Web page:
JaCoby Stevens - S/LB, LSU
By the numbers:
6'1", 216 pounds per Senior Bowl measurements.
2020: 63 tackles (6.0 for loss), four passes broken up, three fumble recoveries and three sacks in nine games played.
JaCoby Stevens is at his best when he's playing downhill. He makes good reads in run defense and is a hard-hitting prospect. He possesses great instincts and also embraces physicality from opposing players. It shows up near the line of scrimmage against blockers and also in coverage, where Stevens welcomes tight ends or wide receivers and often attempts to reroute them.
Bo Pelini used Stevens in a variety of roles last season, lining him up as a deep safety, box safety, slot corner or linebacker. Stevens is tough and physical enough to get his hands dirty and he thrived in all of those roles throughout his tenure at LSU. His football acumen is a plus, as is his leadership. Things like this matter to NFL coaches.
Stevens is a linebacker in a safety's shoes. His top speed is less than ideal and he isn't a very explosive player, nor does he have the most fluid hips. His reaction time in coverage is solid but when asked to transition from a backpedal to a pursuit, it's not as smooth as it should be. Stevens' smarts and length help him make up for a lack of great athleticism at safety, but leaving him in a deep zone would be misusing his diverse skill set.
The size discrepancy between what LSU listed Stevens at compared to his Senior Bowl measurements also raises some questions. If he indeed did lose up to 14 pounds, perhaps he's a quicker player now. If that's the case, it could impact his draft slot and overall profile. His athleticism pops a lot more at linebacker, but he is more than capable of staying at safety — especially if he's even a bit faster.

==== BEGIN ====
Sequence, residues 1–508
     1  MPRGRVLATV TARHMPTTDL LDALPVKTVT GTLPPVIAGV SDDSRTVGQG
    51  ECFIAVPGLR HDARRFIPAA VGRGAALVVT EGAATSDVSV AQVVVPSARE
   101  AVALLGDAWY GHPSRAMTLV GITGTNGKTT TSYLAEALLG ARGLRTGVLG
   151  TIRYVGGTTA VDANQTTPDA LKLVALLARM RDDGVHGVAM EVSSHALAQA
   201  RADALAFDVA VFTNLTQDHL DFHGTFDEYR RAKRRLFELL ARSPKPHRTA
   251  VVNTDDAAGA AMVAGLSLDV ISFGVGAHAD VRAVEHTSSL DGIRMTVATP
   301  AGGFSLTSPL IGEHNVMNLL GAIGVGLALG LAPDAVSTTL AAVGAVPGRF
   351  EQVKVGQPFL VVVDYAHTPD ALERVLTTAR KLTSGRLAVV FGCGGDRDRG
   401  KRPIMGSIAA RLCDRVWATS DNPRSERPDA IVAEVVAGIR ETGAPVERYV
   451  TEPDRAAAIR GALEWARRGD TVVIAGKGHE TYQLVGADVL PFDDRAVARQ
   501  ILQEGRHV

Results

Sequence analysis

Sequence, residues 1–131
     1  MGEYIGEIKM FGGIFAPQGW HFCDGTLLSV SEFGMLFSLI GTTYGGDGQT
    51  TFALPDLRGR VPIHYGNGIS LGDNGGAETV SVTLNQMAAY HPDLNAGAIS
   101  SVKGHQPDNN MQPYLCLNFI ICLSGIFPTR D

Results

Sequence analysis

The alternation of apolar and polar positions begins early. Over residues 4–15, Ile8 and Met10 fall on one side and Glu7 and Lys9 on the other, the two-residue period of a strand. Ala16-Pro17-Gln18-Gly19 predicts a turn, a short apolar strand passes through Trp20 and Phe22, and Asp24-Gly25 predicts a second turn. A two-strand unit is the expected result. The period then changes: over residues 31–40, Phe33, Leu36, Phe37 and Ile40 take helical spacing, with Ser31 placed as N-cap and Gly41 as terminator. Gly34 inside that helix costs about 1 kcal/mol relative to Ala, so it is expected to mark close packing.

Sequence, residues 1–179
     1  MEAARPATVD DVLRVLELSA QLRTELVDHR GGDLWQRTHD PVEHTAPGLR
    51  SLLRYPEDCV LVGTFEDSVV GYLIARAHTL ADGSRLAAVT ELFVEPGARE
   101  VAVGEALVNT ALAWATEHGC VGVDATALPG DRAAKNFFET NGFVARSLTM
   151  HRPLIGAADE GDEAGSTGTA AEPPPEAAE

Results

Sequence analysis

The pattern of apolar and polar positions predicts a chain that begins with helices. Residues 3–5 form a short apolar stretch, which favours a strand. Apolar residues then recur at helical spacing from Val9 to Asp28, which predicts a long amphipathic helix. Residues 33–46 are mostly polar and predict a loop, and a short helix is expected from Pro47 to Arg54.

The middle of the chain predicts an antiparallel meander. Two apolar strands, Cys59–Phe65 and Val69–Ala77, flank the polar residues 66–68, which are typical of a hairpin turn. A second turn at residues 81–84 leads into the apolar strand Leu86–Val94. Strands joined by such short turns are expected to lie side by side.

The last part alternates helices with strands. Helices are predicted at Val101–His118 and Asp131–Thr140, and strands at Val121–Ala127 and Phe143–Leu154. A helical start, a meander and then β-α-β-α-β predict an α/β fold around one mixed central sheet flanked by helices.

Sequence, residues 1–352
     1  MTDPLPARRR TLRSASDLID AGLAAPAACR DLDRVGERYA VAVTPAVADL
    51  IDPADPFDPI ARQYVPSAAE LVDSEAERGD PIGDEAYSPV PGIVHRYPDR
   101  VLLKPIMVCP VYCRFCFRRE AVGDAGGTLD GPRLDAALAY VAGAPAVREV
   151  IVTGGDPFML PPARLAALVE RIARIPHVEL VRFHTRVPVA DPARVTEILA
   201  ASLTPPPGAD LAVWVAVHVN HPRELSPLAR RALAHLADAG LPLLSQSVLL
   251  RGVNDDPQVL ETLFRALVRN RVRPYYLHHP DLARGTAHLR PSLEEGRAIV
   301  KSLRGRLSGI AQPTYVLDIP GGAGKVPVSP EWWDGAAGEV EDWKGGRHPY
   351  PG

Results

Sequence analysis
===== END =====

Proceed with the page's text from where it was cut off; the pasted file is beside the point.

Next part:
How Stevens fits with the Chiefs:
The Chiefs are bringing Daniel Sorensen back for another season, so the team's immediate need for a third safety isn't pressing. Anthony Hitchens and Willie Gay Jr. project to be Steve Spagnuolo's starting linebackers, so the same rules apply there as well. With that said, Stevens brings versatility to the table and could even spend time as a SAM linebacker or work in the dime sub-package. He also offers immediate special teams value while he works his way onto the field on defense. In 2022, a more prevalent role for him would likely open up.
Stevens is a menace on the field when the play is in front of him. As a run-defender, he can stay clean from blockers and attack with the best of this year's safety class. As a coverage piece, he acts like a linebacker with his willingness to take on opposing tight ends or running backs. He could fill a variety of roles for a team, although he's best suited to play closer to the line of scrimmage. Stevens grades out as a fourth-round pick who could be a very useful sub-package player early in his career.